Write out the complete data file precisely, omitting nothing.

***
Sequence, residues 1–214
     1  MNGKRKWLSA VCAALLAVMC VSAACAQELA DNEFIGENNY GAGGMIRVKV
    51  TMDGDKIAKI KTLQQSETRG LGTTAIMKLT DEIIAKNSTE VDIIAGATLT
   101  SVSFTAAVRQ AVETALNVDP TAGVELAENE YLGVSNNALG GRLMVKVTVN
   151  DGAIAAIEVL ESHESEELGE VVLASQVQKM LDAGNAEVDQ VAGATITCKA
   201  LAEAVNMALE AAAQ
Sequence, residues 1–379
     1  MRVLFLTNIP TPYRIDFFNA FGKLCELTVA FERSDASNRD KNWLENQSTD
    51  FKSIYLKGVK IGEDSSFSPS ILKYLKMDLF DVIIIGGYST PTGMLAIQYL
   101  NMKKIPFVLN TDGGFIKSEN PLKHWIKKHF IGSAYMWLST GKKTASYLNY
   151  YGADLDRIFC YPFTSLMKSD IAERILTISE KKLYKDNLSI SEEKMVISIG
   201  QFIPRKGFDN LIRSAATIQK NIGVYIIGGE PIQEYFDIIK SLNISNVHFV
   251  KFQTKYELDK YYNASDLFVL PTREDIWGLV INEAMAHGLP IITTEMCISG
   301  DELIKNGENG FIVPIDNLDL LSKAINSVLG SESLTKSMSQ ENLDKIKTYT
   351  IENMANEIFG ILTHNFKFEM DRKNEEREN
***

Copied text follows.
Sequence, residues 1–214
     1  MNGKRKWLSA VCAALLAVMC VSAACAQELA DNEFIGENNY GAGGMIRVKV
    51  TMDGDKIAKI KTLQQSETRG LGTTAIMKLT DEIIAKNSTE VDIIAGATLT
   101  SVSFTAAVRQ AVETALNVDP TAGVELAENE YLGVSNNALG GRLMVKVTVN
   151  DGAIAAIEVL ESHESEELGE VVLASQVQKM LDAGNAEVDQ VAGATITCKA
   201  LAEAVNMALE AAAQ
Sequence, residues 1–379
     1  MRVLFLTNIP TPYRIDFFNA FGKLCELTVA FERSDASNRD KNWLENQSTD
    51  FKSIYLKGVK IGEDSSFSPS ILKYLKMDLF DVIIIGGYST PTGMLAIQYL
   101  NMKKIPFVLN TDGGFIKSEN PLKHWIKKHF IGSAYMWLST GKKTASYLNY
   151  YGADLDRIFC YPFTSLMKSD IAERILTISE KKLYKDNLSI SEEKMVISIG
   201  QFIPRKGFDN LIRSAATIQK NIGVYIIGGE PIQEYFDIIK SLNISNVHFV
   251  KFQTKYELDK YYNASDLFVL PTREDIWGLV INEAMAHGLP IITTEMCISG
   301  DELIKNGENG FIVPIDNLDL LSKAINSVLG SESLTKSMSQ ENLDKIKTYT
   351  IENMANEIFG ILTHNFKFEM DRKNEEREN